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network-and-communication [2019/04/12 13:34]
Miroslav Bernát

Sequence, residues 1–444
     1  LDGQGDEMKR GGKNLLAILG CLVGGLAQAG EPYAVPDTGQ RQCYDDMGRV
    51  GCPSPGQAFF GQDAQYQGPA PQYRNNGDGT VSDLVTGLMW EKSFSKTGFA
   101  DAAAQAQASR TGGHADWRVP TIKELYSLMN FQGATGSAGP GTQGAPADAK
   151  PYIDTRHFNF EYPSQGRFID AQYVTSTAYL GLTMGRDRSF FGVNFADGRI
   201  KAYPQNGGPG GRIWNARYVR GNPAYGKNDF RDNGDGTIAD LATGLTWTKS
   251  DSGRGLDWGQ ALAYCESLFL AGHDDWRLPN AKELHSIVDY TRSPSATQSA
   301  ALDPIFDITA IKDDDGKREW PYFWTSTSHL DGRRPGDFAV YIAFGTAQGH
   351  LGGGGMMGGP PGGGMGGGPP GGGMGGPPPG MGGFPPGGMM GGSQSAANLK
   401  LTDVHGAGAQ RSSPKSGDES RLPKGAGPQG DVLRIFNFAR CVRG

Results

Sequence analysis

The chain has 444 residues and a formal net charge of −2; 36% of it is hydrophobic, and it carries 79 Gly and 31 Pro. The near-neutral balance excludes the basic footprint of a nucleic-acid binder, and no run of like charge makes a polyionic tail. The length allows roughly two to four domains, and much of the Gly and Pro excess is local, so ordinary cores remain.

network-and-communication [2019/04/12 17:42] (current)
Miroslav Bernát